6) Seed germination is another major issue. Some trees have excellent germination rates. As I experienced with melia azedarach, every seed/berry that drop is sprouted if water is available. This can cause weeding issues in your borders/lawn. If unchecked you will have the same tree everywhere in your garden…..LOL
7) Root and basal suckering. This is very important aspect. Some trees send roots traveling far away and that too horizontally. This can not only damage your landscape/borders but also leech nutrients available to your other plants. Meaning by nothing left for your flowers to thrive on.


Tree Safety
Tree should be strong enough to support itself and its branches. Otherwise adverse weather will either uproot your tree wasting years of effort or branches flying here and there in high winds causing damage to surrounding area

Climatic Adaptation
Last but not the least, Very very important consideration. If you have selected a specie which is not suitable to your climate, its bound to fail. Select trees which suit your terrain/climate well so that its flourishes well.
Keep in mind what exposure (Sun-Wind-Temperature) you have at your selected site, and then select the tree. Also keep in mind hardiness zone if you are living in colder areas. Heat/cold burns, humidity requirements, rainfall/water requirement, soil requirement for that specific tree all must be accounted for. For instance tropical trees can’t survive cold areas in general, trees which require chilling period will fail in warmer areas and so on.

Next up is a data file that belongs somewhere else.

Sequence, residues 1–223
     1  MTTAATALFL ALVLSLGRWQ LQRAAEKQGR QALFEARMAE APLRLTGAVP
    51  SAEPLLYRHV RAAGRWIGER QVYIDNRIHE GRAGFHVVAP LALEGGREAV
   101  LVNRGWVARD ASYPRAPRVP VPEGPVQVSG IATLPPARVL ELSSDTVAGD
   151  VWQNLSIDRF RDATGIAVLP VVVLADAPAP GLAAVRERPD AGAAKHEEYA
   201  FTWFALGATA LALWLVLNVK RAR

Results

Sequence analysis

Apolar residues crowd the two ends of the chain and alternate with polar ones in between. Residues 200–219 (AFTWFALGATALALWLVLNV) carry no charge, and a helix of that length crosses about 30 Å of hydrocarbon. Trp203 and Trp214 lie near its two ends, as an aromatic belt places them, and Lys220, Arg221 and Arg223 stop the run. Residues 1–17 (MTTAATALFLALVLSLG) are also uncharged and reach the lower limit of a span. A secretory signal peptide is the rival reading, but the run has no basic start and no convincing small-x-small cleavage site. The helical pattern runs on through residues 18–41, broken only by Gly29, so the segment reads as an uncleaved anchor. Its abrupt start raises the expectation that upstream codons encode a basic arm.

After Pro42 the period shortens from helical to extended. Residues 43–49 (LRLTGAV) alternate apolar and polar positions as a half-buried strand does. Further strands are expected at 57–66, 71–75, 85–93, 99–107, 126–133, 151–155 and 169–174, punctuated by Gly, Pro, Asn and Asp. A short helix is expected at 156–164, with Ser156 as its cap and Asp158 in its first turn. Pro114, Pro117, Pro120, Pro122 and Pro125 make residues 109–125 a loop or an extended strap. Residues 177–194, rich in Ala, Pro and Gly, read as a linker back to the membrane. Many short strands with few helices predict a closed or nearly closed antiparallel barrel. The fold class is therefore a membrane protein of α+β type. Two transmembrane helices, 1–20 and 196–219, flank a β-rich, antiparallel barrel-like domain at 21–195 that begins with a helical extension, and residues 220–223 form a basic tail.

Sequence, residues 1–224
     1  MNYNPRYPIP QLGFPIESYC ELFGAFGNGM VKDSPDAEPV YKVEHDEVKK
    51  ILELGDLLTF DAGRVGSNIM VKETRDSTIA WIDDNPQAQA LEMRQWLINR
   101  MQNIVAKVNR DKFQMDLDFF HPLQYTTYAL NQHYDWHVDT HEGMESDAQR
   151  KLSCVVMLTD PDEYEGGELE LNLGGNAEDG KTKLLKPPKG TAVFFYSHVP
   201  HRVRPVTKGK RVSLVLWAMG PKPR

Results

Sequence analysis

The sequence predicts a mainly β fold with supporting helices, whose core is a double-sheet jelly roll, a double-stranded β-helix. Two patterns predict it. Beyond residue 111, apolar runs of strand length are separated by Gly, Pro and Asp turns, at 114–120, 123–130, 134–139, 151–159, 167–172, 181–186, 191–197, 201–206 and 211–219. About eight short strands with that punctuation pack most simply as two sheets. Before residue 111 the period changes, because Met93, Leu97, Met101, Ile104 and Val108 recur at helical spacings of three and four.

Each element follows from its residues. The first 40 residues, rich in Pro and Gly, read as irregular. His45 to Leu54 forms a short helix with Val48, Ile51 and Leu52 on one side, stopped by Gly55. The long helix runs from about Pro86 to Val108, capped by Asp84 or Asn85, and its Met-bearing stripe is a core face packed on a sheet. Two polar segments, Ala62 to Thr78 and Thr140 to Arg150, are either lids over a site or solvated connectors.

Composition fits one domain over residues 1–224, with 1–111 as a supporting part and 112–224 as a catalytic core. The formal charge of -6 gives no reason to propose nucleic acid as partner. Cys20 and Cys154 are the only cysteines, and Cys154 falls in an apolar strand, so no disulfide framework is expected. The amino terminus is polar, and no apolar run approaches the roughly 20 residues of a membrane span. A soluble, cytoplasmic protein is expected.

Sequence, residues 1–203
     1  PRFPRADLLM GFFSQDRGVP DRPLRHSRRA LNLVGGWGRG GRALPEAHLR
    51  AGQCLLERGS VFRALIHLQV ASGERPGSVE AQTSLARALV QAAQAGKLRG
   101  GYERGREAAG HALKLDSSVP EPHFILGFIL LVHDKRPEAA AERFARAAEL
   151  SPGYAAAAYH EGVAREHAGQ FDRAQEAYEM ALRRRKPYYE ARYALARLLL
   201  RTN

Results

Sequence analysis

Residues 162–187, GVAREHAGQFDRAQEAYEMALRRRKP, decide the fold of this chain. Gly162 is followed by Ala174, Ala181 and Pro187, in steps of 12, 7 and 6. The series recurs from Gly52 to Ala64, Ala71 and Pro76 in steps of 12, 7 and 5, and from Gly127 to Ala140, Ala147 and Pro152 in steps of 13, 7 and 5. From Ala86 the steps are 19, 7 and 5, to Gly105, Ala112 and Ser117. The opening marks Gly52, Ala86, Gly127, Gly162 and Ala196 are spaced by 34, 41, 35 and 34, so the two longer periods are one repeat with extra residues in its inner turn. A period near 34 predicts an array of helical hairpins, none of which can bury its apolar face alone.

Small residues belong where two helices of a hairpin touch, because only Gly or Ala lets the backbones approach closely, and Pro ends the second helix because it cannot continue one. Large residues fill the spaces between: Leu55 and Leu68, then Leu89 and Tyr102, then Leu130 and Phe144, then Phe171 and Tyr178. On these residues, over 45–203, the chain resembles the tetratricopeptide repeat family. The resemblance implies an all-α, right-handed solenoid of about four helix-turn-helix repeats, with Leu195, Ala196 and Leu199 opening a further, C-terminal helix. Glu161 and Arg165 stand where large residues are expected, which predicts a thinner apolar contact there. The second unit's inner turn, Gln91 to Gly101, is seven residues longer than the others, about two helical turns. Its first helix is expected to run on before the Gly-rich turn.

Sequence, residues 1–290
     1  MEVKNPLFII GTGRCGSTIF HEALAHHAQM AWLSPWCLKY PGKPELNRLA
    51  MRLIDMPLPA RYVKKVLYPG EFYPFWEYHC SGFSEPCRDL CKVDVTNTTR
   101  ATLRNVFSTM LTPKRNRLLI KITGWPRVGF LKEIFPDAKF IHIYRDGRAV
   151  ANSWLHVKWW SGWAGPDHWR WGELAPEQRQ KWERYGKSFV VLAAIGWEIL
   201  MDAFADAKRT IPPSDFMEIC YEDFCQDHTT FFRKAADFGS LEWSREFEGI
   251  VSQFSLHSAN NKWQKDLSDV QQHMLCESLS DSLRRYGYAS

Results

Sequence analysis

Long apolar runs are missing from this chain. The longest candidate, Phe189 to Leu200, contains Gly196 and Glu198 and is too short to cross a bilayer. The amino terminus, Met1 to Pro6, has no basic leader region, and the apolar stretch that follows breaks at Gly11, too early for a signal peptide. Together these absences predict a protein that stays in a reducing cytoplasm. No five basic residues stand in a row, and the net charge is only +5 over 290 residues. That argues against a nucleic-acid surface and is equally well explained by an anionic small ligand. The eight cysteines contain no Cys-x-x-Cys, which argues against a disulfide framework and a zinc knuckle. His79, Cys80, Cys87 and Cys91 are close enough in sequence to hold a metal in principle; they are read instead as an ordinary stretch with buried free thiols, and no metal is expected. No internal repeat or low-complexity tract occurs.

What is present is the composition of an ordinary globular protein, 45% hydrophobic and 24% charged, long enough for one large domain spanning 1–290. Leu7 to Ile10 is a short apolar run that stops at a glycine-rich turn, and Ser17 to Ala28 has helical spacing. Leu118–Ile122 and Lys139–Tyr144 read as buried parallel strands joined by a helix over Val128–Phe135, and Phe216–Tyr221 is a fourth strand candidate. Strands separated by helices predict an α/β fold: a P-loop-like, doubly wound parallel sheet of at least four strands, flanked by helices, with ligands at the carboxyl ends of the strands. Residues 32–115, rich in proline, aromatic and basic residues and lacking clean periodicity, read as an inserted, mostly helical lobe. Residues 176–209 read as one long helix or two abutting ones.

Farhan Ahmed
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Re: Ornamental Tree Debate! Selection criterions and Your Ch

Post by Farhan Ahmed » February 18th, 2013, 10:13 pm

Having said that, i would present my first contender.
Its a beautiful looking, medium sized, evergreen tree, provides unbeatable canopy and structure. No litter at all. In my opinion it fits all the above mentioned criterion except that its flowers are not that eye catching. But otherwise handsome look of the tree makes up for it. compromise on flower and you get all the rest benefits. Its native, perfectly naturalized and easily available. Planted throughout the avenues in cities.

Alstonia scholaris-Indian Devil Tree....... i hope i have named it correctly :-)..i will share photos of this tree planted closeby
Image


Contender 2. For tropical(karachi) climate
Delonix regia
Caesalpinia

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Re: Ornamental Tree Debate! Selection criterion and Your Cho

Post by Munir » February 19th, 2013, 8:58 am

Great information,Farhan! Hope it is appropriately stored,to be easily accessable as a reference material.

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Re: Ornamental Tree Debate! Selection criterion and Your Cho

Post by rabia » February 19th, 2013, 1:19 pm

Alstonia flowers are not quite showy but their fragrance is extra ordinary.It has the quality to add some element of joy in rather gloomy fall dusks.

Farhan Ahmed
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Re: Ornamental Tree Debate! Selection criterion and Your Cho

Post by Farhan Ahmed » February 19th, 2013, 1:32 pm

Come on people, share your contender or should i assume Alstonia scholaris has won uncompeted :mrgreen:

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Re: Ornamental Tree Debate! Selection criterion and Your Cho